Welding Carbide chips to give grapple teeth friction
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  1. #1
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    Default Welding Carbide chips to give grapple teeth friction

    Okay guys, I'm working on an attachment of a front loader at a junk yard, this attachment has forks on it, the operator comes up to the front of the car after the hood is removed, the forks sit on top of each fender, then another unit pivots down into the engine compartment, squeezes together grabbing the engine and rips the engine transmission out of the car.
    I have built the fingers up a few times over the years, however, they become smooth as they wear.
    So I have seen hard face that looks like it has chips of carbide in it... and thought this would be a good fit.

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    So where and what kind of rod is this, what is the process used to apply it... I'm open to suggestions.

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    Broco Rankin torch rod

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    I have used something like that, brazing rod with carbide chips in it. Probably been almost 30 yrs ago, so no idea what it was or where to get it.

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    [QUOTE=Portable Welder;3501866]Okay guys, I'm working on an attachment of a front loader at a junk yard, this attachment has forks on it, the operator comes up to the front of the car after the hood is removed, the forks sit on top of each fender, then another unit pivots down into the engine compartment, squeezes together grabbing the engine and rips the engine transmission out of the car.
    I have built the fingers up a few times over the years, however, they become smooth as they wear.
    So I have seen hard face that looks like it has chips of carbide in it... and thought this would be a good fit.[QUOTE]

    operating that front loader sounds like a fun job! as to the hardfacing, just an everyday job for a stick welder, maybe Stoody 21 rod? haven't run it myself, but it looks like a good bet from their website. the carbides in these deposits usually are formed in the weld puddle, from carbon, and chrome/titanium/tungsten. look for maximum hardness, no need for "machinability" or "multi-pass" capability.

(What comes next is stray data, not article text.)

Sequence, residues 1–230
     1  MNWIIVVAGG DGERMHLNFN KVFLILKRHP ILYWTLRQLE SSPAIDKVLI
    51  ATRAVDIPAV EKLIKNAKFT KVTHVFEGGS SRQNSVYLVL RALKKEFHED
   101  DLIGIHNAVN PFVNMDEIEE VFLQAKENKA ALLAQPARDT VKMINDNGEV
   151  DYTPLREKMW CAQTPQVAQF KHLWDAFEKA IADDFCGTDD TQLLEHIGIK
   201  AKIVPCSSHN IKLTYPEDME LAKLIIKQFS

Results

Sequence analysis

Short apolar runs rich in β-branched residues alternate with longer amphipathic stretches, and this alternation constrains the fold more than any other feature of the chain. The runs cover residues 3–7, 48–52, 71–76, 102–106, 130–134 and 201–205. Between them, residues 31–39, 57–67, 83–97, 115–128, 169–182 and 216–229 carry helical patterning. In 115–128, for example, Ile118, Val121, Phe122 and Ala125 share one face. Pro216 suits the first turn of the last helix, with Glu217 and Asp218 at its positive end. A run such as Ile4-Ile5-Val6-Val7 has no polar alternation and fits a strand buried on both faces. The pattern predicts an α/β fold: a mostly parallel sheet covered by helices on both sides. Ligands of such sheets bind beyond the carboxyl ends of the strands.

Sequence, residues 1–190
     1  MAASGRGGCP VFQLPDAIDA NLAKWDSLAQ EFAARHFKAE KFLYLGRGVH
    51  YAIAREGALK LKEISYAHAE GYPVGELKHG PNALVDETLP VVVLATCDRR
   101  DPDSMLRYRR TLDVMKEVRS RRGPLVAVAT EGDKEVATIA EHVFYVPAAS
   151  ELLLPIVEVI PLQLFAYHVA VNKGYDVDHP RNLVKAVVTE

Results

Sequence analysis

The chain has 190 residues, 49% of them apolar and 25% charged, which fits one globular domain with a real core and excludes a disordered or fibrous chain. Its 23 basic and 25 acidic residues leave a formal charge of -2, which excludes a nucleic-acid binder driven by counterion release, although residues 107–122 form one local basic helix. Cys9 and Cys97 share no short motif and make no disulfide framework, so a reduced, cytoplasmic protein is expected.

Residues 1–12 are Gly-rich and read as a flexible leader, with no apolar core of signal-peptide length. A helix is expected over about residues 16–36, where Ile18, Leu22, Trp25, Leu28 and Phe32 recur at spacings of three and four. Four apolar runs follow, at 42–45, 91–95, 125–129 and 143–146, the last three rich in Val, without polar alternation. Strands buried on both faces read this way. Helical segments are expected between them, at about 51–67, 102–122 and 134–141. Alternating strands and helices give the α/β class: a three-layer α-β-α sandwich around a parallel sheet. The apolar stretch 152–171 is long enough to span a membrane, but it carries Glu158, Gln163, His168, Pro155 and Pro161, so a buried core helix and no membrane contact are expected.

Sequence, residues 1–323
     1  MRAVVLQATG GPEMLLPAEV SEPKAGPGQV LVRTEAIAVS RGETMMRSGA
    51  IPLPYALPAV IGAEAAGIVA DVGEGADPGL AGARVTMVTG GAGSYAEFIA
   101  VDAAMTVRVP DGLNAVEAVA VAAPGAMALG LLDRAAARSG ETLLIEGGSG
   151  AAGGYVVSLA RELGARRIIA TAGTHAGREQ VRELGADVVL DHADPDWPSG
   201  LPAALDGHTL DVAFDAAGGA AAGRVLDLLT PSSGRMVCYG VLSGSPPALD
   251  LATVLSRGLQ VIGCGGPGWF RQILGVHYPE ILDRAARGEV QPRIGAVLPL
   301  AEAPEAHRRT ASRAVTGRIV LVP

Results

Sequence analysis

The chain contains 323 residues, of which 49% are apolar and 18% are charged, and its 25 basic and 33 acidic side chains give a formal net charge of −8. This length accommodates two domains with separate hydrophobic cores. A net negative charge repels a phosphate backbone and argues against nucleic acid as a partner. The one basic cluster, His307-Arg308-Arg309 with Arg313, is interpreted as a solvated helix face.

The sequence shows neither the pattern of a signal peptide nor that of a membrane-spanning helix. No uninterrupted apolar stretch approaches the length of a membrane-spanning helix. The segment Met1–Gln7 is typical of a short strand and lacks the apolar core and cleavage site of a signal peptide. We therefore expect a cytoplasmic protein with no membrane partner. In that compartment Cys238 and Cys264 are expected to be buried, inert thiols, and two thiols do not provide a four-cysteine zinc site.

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    I don't use the stuff myself, so can't give you a specific electrode recommendation, but this is a fairly standard thing. At your FNWGS (or on the Web), ask to thumb through the hardfacing sections of the rod suppliers. There are several types of hardfacing, and carbide hardfacing is one of them. A very quick check on the web shows that Esab/Stoody have several electrodes of this type, and I am sure they are not alone.

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    Broco Rankin makes rod that has chunks of broken carbide in a nickel alloy matrix. The rod can be purchased with different sizing of the carbide. I think the chunks may be as large as ,18 or .25. One use for large grades is for facing down hole cutting tools for removal of lost or broken tooling.

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    Tungsten Carbide Inserts for Downhole Milling|Dynacut – Dynalloy I have purchased thru these guys. usually have to call them tho their website isn't that great for purchasing through. 10 lbs was like 400.00

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    Exceedingly common related to down hole tooling for such as oil wells

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    I have used the bronco rankin rod just the other day its really easy to use.
    Before I had that rod, I would put old carbide inserts in a heavy rag and smash them up with a hammer and braze them on my underground tooling. It worked well, although not the safest way to get carbide chunks. The rod works nice.

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    Thanks for the replies, I'm going to look at the Bronco Rankin Rod.

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    Can't Carbide Bob set you up ?
    The price for scrap carbide is down, this might be a win-win for both of you.


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